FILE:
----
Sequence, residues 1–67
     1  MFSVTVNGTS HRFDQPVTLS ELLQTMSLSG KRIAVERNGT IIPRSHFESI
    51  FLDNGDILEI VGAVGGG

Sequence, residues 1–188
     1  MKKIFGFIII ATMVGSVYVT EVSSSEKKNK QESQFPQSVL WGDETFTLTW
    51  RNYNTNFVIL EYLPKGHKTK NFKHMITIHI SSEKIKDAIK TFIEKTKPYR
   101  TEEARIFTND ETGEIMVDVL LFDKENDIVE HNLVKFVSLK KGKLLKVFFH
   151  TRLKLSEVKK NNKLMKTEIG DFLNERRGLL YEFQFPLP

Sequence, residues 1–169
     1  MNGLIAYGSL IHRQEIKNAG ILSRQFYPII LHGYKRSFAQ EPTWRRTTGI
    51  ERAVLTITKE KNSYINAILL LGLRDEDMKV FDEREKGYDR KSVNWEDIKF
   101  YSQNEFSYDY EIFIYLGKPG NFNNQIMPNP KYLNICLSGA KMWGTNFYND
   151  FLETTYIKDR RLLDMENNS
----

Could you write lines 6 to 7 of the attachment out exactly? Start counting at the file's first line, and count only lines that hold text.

    51  RNYNTNFVIL EYLPKGHKTK NFKHMITIHI SSEKIKDAIK TFIEKTKPYR
   101  TEEARIFTND ETGEIMVDVL LFDKENDIVE HNLVKFVSLK KGKLLKVFFH